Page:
NEW YORK (AP) — New York City's jail commissioner faced more than two hours of questions from lawmakers on his hiring choices, disciplinary practices and the installation of security cameras.
Commissioner Joseph Ponte (PAHNT) appeared Wednesday at a City Council hearing that was called after a scathing federal review found that the constitutional rights of 16- and 17-year-old Rikers Island inmates were being routinely violated.
Ponte said he agreed with the findings and is working with federal authorities.
He said he has created a team of investigators to look into every use-of-force incident in the juvenile lockup and will install 200 more cameras there in the next 18 months.
Lawmakers also asked why the department's top uniformed official — whose recent promotion stirred controversy — wasn't present. Ponte said he was on vacation.
THIS IS A BREAKING NEWS UPDATE. Check back soon for further information. AP's earlier story is below.
New York City lawmakers holding an oversight hearing Wednesday plan to ask correction officials about conditions for 16- and 17-year-old inmates on Rikers Island in the wake of a U.S. Justice Department review that found their constitutional rights were routinely violated.
City Councilwoman Elizabeth Crowley, who chairs the committee on fire and criminal justice, said the questioning will center primarily on what's being done to embrace the more than 80 recommendations made in the federal report released in August. Among other things, the department recommended removing adolescents entirely from Rikers, the city's giant 10-facility jail complex on the 400-acre island near LaGuardia Airport.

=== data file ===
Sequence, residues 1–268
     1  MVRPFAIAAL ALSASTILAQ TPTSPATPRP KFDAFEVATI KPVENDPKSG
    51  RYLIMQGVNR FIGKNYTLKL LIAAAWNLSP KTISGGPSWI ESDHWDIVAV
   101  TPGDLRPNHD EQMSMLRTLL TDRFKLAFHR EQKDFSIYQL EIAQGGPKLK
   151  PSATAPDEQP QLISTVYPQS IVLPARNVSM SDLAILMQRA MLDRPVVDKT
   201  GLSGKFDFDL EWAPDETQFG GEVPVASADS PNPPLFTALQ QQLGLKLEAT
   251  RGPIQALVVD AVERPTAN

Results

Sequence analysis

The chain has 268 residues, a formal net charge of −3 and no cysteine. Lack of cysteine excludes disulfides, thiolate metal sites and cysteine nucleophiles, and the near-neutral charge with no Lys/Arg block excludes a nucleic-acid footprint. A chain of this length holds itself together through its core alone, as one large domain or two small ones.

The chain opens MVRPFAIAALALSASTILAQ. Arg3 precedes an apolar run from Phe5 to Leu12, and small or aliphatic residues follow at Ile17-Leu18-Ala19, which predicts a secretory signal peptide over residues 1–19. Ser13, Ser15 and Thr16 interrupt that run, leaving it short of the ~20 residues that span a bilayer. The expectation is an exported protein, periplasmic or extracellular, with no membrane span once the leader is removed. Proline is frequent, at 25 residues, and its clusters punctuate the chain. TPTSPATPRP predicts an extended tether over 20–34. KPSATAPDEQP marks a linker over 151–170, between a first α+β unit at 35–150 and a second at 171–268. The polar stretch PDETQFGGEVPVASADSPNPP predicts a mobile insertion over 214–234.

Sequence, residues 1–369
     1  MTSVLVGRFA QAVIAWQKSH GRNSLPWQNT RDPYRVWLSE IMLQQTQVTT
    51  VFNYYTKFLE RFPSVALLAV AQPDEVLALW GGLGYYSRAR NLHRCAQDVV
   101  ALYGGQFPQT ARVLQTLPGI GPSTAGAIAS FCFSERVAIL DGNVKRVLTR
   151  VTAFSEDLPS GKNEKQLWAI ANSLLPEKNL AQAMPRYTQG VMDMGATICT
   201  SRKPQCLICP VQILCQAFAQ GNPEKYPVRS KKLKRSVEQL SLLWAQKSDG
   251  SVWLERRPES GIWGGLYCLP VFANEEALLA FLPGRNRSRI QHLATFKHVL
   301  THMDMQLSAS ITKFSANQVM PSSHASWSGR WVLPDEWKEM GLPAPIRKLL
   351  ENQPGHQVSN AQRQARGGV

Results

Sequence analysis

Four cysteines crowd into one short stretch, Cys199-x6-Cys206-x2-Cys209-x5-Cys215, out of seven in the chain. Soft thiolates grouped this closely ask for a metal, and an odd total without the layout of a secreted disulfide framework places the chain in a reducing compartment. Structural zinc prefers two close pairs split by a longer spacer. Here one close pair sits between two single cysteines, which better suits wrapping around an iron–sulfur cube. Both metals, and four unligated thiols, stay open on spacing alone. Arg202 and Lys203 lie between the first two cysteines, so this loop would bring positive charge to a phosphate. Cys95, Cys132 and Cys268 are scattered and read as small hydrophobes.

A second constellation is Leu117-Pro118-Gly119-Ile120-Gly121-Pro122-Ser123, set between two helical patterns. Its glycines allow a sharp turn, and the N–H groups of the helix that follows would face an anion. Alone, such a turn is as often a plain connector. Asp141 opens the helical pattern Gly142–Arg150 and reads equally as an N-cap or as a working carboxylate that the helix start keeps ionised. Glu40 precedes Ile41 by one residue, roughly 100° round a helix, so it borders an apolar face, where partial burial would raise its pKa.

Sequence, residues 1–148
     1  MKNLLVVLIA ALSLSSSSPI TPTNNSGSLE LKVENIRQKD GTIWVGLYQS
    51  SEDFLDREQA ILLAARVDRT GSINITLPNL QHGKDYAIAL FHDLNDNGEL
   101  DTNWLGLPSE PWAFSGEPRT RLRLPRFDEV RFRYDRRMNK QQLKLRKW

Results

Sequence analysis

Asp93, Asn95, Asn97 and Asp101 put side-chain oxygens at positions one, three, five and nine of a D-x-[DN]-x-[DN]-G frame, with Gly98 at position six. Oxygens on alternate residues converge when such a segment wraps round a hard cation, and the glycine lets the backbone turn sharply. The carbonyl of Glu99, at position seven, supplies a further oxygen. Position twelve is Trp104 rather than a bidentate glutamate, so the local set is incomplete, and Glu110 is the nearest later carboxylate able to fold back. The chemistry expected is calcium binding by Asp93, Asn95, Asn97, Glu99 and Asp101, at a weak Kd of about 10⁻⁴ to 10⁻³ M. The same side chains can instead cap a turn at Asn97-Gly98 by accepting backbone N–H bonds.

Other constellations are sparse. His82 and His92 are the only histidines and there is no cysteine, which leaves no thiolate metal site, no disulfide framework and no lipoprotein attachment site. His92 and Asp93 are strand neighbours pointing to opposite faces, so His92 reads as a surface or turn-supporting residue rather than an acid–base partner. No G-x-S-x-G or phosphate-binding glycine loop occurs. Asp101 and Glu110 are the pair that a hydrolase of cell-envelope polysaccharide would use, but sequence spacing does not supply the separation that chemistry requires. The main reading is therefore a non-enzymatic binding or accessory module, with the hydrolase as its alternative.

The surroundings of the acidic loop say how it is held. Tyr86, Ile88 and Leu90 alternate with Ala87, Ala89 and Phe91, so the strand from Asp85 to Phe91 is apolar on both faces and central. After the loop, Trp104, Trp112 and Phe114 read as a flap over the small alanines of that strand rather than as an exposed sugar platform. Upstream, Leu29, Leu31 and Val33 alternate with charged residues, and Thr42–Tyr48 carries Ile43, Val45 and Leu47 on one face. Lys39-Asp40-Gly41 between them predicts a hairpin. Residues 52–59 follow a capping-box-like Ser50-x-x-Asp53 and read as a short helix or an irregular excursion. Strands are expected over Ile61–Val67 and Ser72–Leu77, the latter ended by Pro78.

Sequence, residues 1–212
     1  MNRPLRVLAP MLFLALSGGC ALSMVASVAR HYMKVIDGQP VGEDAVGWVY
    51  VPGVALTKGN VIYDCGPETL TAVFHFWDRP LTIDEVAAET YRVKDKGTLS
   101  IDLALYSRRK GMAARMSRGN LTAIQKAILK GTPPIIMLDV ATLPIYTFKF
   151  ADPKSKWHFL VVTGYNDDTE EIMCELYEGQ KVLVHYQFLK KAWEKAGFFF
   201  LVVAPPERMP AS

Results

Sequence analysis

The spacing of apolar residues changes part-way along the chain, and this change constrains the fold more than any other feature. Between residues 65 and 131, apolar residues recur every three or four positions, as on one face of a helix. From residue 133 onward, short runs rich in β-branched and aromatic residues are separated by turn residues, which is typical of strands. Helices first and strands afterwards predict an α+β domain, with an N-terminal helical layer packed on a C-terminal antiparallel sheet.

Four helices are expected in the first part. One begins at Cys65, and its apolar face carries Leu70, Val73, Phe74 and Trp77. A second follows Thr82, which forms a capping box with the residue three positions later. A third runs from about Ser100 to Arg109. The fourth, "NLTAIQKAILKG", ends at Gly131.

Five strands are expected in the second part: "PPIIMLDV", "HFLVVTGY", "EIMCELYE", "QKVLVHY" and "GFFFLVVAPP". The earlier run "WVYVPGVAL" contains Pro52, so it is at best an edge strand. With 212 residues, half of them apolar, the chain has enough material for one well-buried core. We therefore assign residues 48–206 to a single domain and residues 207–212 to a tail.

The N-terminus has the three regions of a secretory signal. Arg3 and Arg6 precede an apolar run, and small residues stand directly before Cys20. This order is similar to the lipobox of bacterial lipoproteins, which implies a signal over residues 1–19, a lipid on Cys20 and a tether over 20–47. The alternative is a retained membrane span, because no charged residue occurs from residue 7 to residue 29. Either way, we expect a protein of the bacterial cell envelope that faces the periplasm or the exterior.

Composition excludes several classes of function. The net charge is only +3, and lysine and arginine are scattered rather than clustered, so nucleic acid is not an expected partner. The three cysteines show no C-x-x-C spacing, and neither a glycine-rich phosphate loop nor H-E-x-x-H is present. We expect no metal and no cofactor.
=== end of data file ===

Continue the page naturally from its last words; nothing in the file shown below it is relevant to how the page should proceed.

"That report was really alarming and it depicted the levels of violence," she said. "While we wait for the state to raise the age of criminality, we must make sure our inmates on Rikers Island are safe."
New York and North Carolina are the only two states that charge 16- and 17-year-olds as adults.
Commissioner Joseph Ponte has vowed to reform the nation's second-largest jail system, and recently said he will end, by Dec. 31, the longstanding practice of placing 16- and 17-year-old inmates who break jailhouse rules in solitary confinement.
Ponte has said staffing ratios in the facility housing the majority of the young inmates have been reduced to 15-to-1 from 33-to-1.
The agency that oversees the jails, the New York City Board of Correction, is in the lengthy process of changing city rules that govern when and how solitary can be doled out. In New York, the disciplinary action is called punitive segregation but referred to more commonly as The Bing.
Those planning to testify Wednesday included board member Bryanne Hamill; John Boston, head of the Prisoners' Rights Project at the Legal Aid Society; and Correction Officers' Benevolent Association President Norman Seabrook.
New York's troubled jail system has come under increasing scrutiny in recent months. The Associated Press and others have reported extensively on both the violence in city jails and the treatment of the mentally ill, who now account for about 40 percent of the roughly 11,500 daily inmates.